Trial By Combat: It May Be Legal

Trial by combat may technically be legal in the United States. Like Schrödinger’s Cat, it both is and isn’t while it waits for someone to try it in the courts.

When the 13 English colonies in North America formed the United States of America, they needed a starting point for their judges to work from while they got to passing all their laws. So unless specified otherwise, they went off of English common law as it was in 1776 when they declared their independence. 

One little-used – but not yet outlawed – piece of English common law was the right to determine your guilt or innocence in a case by fighting for it and letting God decide the winner. This was legitimately legal in England at the time (though, again, like, never used). We know for sure, because it was successfully used to get a man acquitted in 1818. The outrage over this led to it being outlawed in 1819, but – fun fact – 1819 is after 1776.

Therefore, until a US court reviews a case that attempts to use this piece of English common law and finds it unconstitutional (probably under the 5th amendment right to due process, unless fighting your accuser to the death is considered due process), it is technically an option open to anyone accused of a civil charge.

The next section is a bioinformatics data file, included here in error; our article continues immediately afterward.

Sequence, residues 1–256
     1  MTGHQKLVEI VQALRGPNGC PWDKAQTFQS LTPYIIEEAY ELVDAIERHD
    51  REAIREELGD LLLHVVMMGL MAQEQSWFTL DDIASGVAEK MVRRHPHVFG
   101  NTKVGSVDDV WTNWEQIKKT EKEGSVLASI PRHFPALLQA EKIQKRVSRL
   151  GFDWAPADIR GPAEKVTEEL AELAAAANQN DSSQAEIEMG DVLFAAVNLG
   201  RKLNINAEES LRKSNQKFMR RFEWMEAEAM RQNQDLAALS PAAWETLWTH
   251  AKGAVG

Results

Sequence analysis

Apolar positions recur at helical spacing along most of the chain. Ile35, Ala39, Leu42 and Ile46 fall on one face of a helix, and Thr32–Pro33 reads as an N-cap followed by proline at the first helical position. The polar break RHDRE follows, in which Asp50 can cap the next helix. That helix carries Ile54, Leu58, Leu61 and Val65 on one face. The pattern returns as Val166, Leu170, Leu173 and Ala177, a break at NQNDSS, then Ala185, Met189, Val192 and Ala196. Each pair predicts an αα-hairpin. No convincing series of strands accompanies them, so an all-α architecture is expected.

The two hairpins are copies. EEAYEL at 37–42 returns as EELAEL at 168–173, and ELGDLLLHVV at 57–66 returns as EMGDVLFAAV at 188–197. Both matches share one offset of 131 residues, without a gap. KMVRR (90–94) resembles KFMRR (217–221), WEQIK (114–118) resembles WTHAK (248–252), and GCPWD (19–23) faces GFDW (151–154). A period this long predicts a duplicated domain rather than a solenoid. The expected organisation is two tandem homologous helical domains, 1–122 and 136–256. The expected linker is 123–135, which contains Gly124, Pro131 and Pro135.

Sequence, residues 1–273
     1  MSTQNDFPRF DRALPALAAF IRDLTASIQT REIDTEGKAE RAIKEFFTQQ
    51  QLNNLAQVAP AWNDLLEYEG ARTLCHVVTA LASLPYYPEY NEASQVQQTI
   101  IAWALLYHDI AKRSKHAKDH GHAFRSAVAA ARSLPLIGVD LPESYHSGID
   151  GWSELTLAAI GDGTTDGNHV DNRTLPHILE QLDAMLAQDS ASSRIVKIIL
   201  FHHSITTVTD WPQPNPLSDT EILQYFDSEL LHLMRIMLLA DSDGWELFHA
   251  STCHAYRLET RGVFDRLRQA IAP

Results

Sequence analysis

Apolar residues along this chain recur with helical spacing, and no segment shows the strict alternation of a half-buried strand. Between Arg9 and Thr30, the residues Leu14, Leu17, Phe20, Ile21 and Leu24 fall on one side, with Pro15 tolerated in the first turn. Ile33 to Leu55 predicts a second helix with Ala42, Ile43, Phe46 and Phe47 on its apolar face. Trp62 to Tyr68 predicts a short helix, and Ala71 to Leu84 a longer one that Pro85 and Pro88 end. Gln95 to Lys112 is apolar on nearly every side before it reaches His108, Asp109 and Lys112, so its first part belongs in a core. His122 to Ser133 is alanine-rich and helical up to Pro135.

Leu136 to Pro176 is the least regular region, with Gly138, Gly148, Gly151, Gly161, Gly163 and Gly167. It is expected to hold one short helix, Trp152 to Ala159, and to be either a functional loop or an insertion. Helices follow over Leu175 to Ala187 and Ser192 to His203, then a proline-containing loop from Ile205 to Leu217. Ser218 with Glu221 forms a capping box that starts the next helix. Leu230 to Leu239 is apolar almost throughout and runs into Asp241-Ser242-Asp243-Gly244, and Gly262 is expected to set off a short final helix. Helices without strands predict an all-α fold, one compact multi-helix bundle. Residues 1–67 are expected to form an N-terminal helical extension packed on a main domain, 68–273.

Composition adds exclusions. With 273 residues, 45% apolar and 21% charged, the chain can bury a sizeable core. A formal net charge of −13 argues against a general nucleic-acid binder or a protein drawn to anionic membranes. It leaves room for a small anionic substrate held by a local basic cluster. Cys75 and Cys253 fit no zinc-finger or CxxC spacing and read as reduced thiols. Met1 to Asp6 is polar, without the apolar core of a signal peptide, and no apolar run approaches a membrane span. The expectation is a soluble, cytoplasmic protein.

Try it next time you get a traffic ticket. Let us know how it goes.

ImageBy Jörg Breu d. Jüngere (died 1547), Paulus Hector Mair (died 1579) (Bayrische Staatsbibliothek Cod. icon. 393) [Public domain], via Wikimedia Commons 

[…] a British man tried to invoke his “ancient right to trial by combat” in 2002 to avoid paying a £25 fine for a traffic ticket […] with “samurai swords, Ghurka knives, or heavy hammers.” Court Magistrates for the town of Bury St. Edmunds disagreed […]
American Bar Association


At the times of the independence in 1776, trial by combat was still legal in the United Kingdom, and the United States inherited British common law on independence. The question of whether trial by combat remains a valid alternative to civil action has been argued to remain open, at least in theory.
Wikipedia entry on Trial by Combat


While the U.S. Constitution does not specifically mention trial by combat, some scholars argue citizens should possess rights until the government specifically limits them. […] a defendant in the U.S. could at least make an argument for trial by combat. […] no United States citizen has yet attempted to invoke the right of trial by combat to win their freedom.
The Bowen Law Group

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